As both China and Japan surge ahead with plans to build potent aircraft carrier capabilities, South Korea has joined the race and announced plans to build a modified large-deck aircraft carrier based on the Republic of Korea Navy (ROKN) Dokdo Class amphibious warfare ships – seemingly leaving Australia as the only established Indo-Pacific power without a plan for a traditional, fixed-wing naval aviation and aircraft carrier capability.
Building on this, the growing proliferation of advanced nuclear weapons systems, including the relatively crude, yet still capable submarine launch ballistic missiles recently tested by North Korea, and the increasingly capable nuclear-powered submarine fleets introduced by China and Russia, South Korea has moved to address a tactical and strategic shortfall: a lack of nuclear-powered submarines.
While seemingly a shock move, the South Korean strategic policy institute, the Korea Defense Network (KDN), commissioned a research review into the feasibility of developing an indigenous nuclear-powered attack submarine.
It is reported that the results suggested that South Korea consider building a nuclear-powered attack submarine modelled after the French 5,300-tonne Barracuda Class submarine, the design model for Australia's own fleet of $50 billion Attack Class submarines.
The South Korean predicament
For South Korea, the elephant in the room is the increasingly capable and recalcitrant North Korean regime. Accordingly, the only security measure appears to be a proven submarine-based missile capability would take the North's arsenal to a new level, allowing deployment far beyond the Korean peninsula and a second-strike capability in the event of an attack on its military bases.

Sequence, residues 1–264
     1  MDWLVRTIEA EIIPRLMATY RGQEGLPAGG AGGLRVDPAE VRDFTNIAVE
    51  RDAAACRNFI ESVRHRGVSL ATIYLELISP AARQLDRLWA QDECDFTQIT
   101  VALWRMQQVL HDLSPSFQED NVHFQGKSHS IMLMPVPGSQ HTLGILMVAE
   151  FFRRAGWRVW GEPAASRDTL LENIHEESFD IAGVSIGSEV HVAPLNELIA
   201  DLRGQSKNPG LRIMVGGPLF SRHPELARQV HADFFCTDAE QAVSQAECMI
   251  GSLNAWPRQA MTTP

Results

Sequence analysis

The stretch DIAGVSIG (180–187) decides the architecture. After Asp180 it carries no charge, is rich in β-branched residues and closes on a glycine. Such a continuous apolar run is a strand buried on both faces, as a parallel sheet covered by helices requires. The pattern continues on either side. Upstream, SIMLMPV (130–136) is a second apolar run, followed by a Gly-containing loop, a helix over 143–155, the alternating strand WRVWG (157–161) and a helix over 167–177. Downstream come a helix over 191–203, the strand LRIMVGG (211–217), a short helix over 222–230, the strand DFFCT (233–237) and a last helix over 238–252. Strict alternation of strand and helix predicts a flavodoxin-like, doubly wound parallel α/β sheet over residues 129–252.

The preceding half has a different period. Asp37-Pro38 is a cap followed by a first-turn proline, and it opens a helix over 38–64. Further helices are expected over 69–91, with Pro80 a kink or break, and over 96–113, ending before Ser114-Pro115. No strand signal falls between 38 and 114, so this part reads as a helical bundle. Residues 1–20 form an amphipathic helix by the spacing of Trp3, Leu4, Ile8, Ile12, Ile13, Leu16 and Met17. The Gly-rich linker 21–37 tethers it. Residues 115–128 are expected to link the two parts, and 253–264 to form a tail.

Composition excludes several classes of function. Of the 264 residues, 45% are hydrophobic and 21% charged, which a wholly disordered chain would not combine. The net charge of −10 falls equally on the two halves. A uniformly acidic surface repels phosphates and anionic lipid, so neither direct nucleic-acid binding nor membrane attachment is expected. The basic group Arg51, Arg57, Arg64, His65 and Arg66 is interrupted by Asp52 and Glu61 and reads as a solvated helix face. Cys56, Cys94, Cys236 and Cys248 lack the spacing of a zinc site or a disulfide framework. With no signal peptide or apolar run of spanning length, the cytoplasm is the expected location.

North Korea’s own submarine force is burgeoning, as it has developed new conventionally powered subs capable of firing ballistic missiles – while the capability of such platforms remains unknown, they remain potent tactical and strategic factors for South Korean strategic planners.
The North is entering the final stage of development for a 3,000-ton submarine that could carry three SLBMs. The SLBM, called Pukkuksong-1, was reportedly successfully test-fired in mid-2016, and flew about 500 kilometres.
South Korean navy chief Sim Seung-seob told MPs that nuclear-powered submarines capable of longer underwater operations than conventional boats would be "most effective in finding and destroying North Korean submarines equipped with submarine-launched ballistic missiles", according to Yonhap News Agency.
The South Korean military has "recognised [the] necessity and effectiveness" of nuclear-powered vessels, he added.
While South Korea currently operates a robust fleet of conventionally powered submarines, including nine 1,200-ton KSS-I diesel-electric submarines and nine 1,800-ton KSS-II subs, both with technical assistance from German shipbuilding company Howaldtswerke-Deutsche Werft (HDW).
The north Asian nation is on track to build its own 3,000-ton vertical launch system and land-attack cruise missile equipped attack submarine known as KSS-III.
South Korea has a relatively long history of pursuing a nuclear submarine capability, with a clandestine development and building program established in 2003 that was subsequently cancelled when the plan became public and was brought to the attention of the International Atomic Energy Agency challenging non-proliferation treaties.